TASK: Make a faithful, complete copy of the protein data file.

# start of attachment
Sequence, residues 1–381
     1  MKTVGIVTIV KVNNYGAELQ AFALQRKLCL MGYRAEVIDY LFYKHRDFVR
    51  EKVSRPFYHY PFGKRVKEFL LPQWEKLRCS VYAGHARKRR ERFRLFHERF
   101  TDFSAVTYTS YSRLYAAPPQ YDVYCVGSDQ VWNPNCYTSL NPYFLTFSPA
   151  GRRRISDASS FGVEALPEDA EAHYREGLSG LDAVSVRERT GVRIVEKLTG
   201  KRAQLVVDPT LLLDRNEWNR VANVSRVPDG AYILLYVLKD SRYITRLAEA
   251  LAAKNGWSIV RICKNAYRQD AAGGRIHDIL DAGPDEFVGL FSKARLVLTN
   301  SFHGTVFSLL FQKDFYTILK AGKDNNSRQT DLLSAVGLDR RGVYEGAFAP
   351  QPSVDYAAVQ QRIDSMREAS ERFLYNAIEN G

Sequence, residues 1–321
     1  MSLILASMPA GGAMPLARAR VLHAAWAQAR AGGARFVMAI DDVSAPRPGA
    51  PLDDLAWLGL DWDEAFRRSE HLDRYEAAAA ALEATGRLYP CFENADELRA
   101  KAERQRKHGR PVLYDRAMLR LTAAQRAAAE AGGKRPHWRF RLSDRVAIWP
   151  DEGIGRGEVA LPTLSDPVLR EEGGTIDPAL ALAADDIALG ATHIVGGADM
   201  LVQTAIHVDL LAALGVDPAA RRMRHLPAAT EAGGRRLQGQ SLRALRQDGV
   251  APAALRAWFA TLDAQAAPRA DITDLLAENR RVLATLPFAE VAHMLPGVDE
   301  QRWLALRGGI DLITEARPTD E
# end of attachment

Sequence, residues 1–381
     1  MKTVGIVTIV KVNNYGAELQ AFALQRKLCL MGYRAEVIDY LFYKHRDFVR
    51  EKVSRPFYHY PFGKRVKEFL LPQWEKLRCS VYAGHARKRR ERFRLFHERF
   101  TDFSAVTYTS YSRLYAAPPQ YDVYCVGSDQ VWNPNCYTSL NPYFLTFSPA
   151  GRRRISDASS FGVEALPEDA EAHYREGLSG LDAVSVRERT GVRIVEKLTG
   201  KRAQLVVDPT LLLDRNEWNR VANVSRVPDG AYILLYVLKD SRYITRLAEA
   251  LAAKNGWSIV RICKNAYRQD AAGGRIHDIL DAGPDEFVGL FSKARLVLTN
   301  SFHGTVFSLL FQKDFYTILK AGKDNNSRQT DLLSAVGLDR RGVYEGAFAP
   351  QPSVDYAAVQ QRIDSMREAS ERFLYNAIEN G

Sequence, residues 1–321
     1  MSLILASMPA GGAMPLARAR VLHAAWAQAR AGGARFVMAI DDVSAPRPGA
    51  PLDDLAWLGL DWDEAFRRSE HLDRYEAAAA ALEATGRLYP CFENADELRA
   101  KAERQRKHGR PVLYDRAMLR LTAAQRAAAE AGGKRPHWRF RLSDRVAIWP
   151  DEGIGRGEVA LPTLSDPVLR EEGGTIDPAL ALAADDIALG ATHIVGGADM
   201  LVQTAIHVDL LAALGVDPAA RRMRHLPAAT EAGGRRLQGQ SLRALRQDGV
   251  APAALRAWFA TLDAQAAPRA DITDLLAENR RVLATLPFAE VAHMLPGVDE
   301  QRWLALRGGI DLITEARPTD E